By Aviva Sapers
For high net worth individuals, finding efficient techniques for limiting the amount that goes to the IRS when you die is always a challenge. Typically, your estate has three beneficiaries: your family, charity, and the IRS. No one has ever said they want to leave money to the IRS. Therefore, the questions to answer are how much do you want to go to your family? How much to charity? And how can you disinherit the IRS? Another concern we often hear is, “I don’t want to leave my kids too much so that they don’t ever learn the value of hard work.” We can suggest a technique to help answer all of these questions and concerns.
Current federal estate tax laws allow each individual to pass approximately $12.06mm to the next generation in 2022 without any federal estate taxes. This would allow a couple to pass along $22.120mm to their kids tax free at the federal level. The current exemptions are set to sunset and revert to smaller numbers in 2026, but for the sake of this concept, let’s use the current exemptions and assume an estate worth $50 million, far larger than the $22 million of protected inheritance
Under today’s rules, assuming a 40% marginal tax bracket, the remaining approximate $28mm (the amount over the exemption) will be taxed to the tune of $11.2mm, typically due within nine months of death—leaving $16.8mm after taxes for a total inheritance of $38.8mm.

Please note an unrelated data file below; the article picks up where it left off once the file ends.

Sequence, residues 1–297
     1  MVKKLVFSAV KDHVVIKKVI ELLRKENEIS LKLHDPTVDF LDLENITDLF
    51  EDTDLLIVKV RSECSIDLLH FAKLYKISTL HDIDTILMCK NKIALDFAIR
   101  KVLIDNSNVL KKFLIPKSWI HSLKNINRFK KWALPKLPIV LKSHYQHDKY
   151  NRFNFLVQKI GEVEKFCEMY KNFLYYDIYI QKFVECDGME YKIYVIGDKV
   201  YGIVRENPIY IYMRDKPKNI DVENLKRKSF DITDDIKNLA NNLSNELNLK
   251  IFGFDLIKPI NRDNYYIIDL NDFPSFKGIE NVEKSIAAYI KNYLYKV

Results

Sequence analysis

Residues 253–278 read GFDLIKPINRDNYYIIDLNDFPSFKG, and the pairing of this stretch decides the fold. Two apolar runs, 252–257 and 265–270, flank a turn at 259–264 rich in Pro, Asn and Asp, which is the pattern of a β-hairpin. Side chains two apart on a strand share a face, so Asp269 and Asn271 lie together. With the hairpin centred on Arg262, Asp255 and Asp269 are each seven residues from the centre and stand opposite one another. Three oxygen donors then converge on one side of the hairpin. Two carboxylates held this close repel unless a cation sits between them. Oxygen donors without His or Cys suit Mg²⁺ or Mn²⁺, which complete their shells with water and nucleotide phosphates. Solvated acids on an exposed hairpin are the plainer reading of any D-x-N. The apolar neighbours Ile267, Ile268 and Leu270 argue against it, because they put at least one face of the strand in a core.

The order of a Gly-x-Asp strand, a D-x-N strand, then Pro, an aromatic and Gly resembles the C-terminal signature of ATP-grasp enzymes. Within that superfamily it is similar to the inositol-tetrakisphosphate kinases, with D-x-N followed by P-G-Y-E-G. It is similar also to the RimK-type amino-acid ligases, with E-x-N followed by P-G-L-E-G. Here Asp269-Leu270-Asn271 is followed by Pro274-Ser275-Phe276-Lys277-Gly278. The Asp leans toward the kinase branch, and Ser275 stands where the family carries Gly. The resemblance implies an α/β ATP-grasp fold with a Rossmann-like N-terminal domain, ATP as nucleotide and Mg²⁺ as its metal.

Now let’s apply a different technique to the same estate to see if we can maximize the amount that goes to your family while also benefiting charities of your, and your beneficiaries choosing.
A Zero Estate Tax Strategy utilizes the estate tax exemptions along with an Irrevocable Life Insurance Trust and charitable beneficiaries to maximize the inheritance and disinherit the IRS. By purchasing a large life insurance policy to be held in a trust outside of your estate, you can make up the difference between the exclusion total and the amount you would like to pass on to your family. The key step is to name one or more charities or a Donor Advised Fund (DAF) as the beneficiary of the rest of your estate beyond the estate tax exemption. By making annual gifts to a Wealth Replacement Trust which pays premiums for the life insurance, you can determine how much your family will inherit and how much will pass to charity.
At death, the Irrevocable Life Insurance Trust will receive the insurance proceeds (income and estate tax free) for the benefit of the beneficiaries in accordance with your wishes. The remainder of your estate will go to the named charities or a DAF, allowing your children to distribute the funds from the DAF over their lifetime.
For the sake of our example, the Irrevocable Life Insurance Trust will own $20mm of insurance, which along with the $22.12mm in exemptions brings the tax-free inheritance to $44mm. The remaining money all goes to charity and the IRS is effectively disinherited from your estate.
If you are concerned that $44mm is too much for your kids to inherit, you can reduce the amount of insurance and leave more to charity. The same concept applies when the exemption reverts to a lower number in 2026. If you have any questions about how this technique might apply to your estate planning, don’t hesitate to contact me.